“Sensory overload – when it happens it’s instant and nearly causes a panic attack and I just need to get away.”
Sensory overload doesn’t actually require a loud environment like a party or something. It can happen just because too many thing happen at once. Like husband comes through the door, dogs bark and rush to the door, my phone rings (read: buzzes on my wrist) and husband tries to hand me a bag of groceries.
Or we’re out for a walk with the dogs, husband chatters about something, a car goes by, and the dog I’m walking keeps pulling this way and that, requiring my attention.
Or we’re sitting at the table, husband is talking and *something* in my clothes is bothering me. A dog hair that’s weasled its way into my shirt, a sock that is crooked, the remnants of a label I cut out but now has a loose string.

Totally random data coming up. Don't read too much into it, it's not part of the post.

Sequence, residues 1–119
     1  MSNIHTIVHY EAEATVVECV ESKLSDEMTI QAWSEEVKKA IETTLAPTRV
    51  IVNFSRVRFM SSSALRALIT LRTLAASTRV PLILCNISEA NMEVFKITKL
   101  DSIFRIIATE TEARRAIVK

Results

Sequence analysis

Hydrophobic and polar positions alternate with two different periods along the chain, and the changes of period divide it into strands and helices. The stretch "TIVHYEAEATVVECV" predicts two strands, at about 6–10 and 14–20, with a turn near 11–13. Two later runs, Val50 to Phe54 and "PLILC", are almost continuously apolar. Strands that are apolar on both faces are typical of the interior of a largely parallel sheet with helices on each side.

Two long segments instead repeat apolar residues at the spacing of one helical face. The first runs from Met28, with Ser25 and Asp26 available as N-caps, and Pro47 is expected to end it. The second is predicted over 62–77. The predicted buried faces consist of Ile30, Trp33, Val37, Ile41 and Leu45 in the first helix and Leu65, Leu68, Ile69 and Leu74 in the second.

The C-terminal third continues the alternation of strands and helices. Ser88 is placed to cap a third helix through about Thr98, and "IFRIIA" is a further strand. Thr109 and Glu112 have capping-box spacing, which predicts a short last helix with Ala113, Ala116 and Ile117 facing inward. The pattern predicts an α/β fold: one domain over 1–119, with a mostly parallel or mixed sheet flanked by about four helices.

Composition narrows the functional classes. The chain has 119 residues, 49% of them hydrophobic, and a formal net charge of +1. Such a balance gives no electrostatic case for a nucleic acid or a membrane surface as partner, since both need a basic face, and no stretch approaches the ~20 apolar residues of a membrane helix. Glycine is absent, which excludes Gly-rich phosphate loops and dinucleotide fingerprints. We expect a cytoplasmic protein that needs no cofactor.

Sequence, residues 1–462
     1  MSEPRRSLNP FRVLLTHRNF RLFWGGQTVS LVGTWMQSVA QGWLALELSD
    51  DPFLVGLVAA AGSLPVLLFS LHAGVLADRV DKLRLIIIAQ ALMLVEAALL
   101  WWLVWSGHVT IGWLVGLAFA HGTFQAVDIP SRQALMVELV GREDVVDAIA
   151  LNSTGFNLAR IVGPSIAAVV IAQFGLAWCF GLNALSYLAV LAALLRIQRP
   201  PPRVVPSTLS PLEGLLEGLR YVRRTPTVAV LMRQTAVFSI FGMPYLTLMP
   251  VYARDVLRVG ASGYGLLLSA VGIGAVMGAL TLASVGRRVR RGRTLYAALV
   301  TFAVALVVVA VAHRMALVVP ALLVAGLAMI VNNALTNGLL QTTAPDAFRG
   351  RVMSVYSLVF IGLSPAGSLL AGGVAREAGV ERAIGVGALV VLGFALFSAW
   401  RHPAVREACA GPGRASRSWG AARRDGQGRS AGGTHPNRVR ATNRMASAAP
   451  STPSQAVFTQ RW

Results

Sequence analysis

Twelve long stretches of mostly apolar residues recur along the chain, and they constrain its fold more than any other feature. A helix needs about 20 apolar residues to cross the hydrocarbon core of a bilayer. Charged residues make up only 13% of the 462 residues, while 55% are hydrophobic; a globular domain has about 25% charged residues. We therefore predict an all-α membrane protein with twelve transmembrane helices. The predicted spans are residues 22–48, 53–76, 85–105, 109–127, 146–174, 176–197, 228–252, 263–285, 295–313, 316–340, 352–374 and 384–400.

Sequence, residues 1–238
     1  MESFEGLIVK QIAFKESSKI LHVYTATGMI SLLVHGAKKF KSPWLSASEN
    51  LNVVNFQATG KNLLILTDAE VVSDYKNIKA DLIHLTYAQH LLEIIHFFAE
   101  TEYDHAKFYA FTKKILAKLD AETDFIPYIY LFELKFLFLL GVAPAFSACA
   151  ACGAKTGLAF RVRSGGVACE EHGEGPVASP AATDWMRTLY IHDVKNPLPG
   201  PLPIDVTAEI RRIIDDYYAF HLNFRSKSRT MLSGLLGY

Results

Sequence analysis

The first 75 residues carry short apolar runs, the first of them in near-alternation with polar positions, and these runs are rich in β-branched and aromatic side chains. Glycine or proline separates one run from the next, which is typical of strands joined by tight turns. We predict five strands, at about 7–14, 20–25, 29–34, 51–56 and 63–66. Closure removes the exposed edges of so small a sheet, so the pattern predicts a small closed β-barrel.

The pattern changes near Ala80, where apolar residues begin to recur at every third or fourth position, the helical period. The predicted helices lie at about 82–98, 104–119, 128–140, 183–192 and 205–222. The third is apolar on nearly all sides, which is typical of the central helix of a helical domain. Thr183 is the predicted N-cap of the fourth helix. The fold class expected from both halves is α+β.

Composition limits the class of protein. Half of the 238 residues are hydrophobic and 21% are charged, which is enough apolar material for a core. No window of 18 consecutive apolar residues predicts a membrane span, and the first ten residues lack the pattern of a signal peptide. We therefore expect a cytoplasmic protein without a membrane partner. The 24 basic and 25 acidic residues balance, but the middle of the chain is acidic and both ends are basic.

It may actually have more to do with my neurodivergence and HSP (high sensitivity) than AN, but being single sidedly deaf and having defective balance sure don’t make things easier.
As I wrote about noisy environments, even with these smaller cases I really need to get away or reduce at least some of the input. Like get husband to stop talking for a while, fix my clothes, manage the barking, just get to a place with less sensory input. Sometimes it’s close to a panic attack, sometimes I’m simply really irritable and might snap at my husband – can’t you just shut up for a while! Can’t you see my shirt has a little pinprick somewhere causing me constant irritation!
Be as it may, I can’t stay in the situation, it needs resolving one way or the other.